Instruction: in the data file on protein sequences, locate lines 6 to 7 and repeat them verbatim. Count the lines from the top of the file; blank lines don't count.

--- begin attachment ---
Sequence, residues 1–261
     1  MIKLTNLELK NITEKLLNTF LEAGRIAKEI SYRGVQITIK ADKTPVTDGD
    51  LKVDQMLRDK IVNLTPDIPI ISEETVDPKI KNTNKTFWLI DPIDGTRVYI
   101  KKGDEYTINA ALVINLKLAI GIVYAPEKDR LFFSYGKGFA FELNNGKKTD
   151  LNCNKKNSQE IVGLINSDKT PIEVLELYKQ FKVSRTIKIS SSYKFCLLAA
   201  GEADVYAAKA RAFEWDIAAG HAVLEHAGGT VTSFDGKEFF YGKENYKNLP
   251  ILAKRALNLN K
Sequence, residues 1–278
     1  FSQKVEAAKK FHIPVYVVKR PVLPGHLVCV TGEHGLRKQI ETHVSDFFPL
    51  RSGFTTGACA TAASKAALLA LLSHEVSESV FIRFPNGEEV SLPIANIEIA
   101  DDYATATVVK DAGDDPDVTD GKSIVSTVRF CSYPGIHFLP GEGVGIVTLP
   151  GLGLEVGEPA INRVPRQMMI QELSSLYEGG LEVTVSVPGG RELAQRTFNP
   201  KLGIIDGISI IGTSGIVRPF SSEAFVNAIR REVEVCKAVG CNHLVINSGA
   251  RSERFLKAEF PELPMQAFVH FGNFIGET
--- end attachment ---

   201  GEADVYAAKA RAFEWDIAAG HAVLEHAGGT VTSFDGKEFF YGKENYKNLP
   251  ILAKRALNLN K